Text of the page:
You can get away with a drill press if you use a MACHINIST SQUARE (none of those carpentry 'speed squares' I see in the shops all the time) to verify the set-up before you drill.
If I were doing it, I'd go through with the correct size drill, and use a floating tap fixture in the drill press or head mill.
Use a floating tap fixture because cast iron gets 'wollowed' out as you run the tap in and out to clean it and break chips... (and you have to break chips and run in and out...)
A floating fixture keeps the tap from eating more away from the threads you already cut.
Sort of a pressure sensitive device. Keeps you from cross threading too (real common mistake beginners make).

And if you screw up, remember, there is always Heli-Coil for oversize holes...(IE: screwed up holes)
(not really a bad idea for cast iron anyway...)


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post #4 of (permalink) Old 12-23-2001, 10:00 AM
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Re: Clocking Dana 300- tapping cast iron?

<font color=red>How in the Wide, Wide World Of Sports is he going to get that drill press under that Jeep if he doesn't drop the T-case??</font color=red>

Damn, Aaron, I just about fell out of the chair laughing over that one!

He will obviously have to remove the T-case, but won't necessarily have to get the drill press under the jeep. You're just not thinking 3 dimensionally.

<font color=red>...and boy does it cost big money to have my lazy butt hoist that heavy bastard up on the milling machine table...</font color=red>

So for a few more $$$, here's how to save some time. Just flip the jeep over and put IT on the drill press. Of course, now I'm wondering what you'd charge to do this, but it may not be a lot more.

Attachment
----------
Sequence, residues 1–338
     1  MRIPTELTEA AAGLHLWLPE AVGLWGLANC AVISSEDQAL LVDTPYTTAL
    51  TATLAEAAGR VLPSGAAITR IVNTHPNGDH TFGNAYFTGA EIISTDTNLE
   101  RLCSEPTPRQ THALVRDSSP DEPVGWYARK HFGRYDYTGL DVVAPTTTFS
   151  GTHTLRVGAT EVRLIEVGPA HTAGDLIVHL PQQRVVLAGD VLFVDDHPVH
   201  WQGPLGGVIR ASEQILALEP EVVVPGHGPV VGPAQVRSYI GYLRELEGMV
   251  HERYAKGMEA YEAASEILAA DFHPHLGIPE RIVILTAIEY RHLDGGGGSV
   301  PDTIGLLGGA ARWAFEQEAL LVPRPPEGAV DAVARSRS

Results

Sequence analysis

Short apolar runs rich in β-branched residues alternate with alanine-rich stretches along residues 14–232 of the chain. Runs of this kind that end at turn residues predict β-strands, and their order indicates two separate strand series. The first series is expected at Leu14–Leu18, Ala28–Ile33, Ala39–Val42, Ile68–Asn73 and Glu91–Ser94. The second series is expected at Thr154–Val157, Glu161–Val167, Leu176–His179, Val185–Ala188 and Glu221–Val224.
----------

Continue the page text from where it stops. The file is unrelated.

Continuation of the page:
I will NEVER crawl under a jeep or Zuk again to work on a tranny, t-case, or anything else. From now on, it comes to me. These are a few pics of a friend and I removing a D300 for ZLY from one of my jeeps.





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post #5 of (permalink) Old 12-23-2001, 10:01 AM
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Re: Clocking Dana 300- tapping cast iron?

I'm a little lost on why you want to relocate the studs in the t-case. Why not just drill the extension housing in the tranny? You will have to give up one of the 6 bolts, and only use 5, but it is much easier. Another method is to drop the money on the "clocking ring" and give up about 1 inch of driveshaft length.

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post #6 of (permalink) Old 12-23-2001, 11:42 AM
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Re: Clocking Dana 300- tapping cast iron?

Ramo must be clocking the Dana 300 to an adapter. I had to drill and tap my 300 to a Novak adapter on a T-18. in order to use all six holes. The Novak adaper had a web cast in it where I wanded to drill the adapter so I drilled the transfer cas two spots amd put studs in . Like they said above make sure you go in straight and tap a little at a time and clean the tap.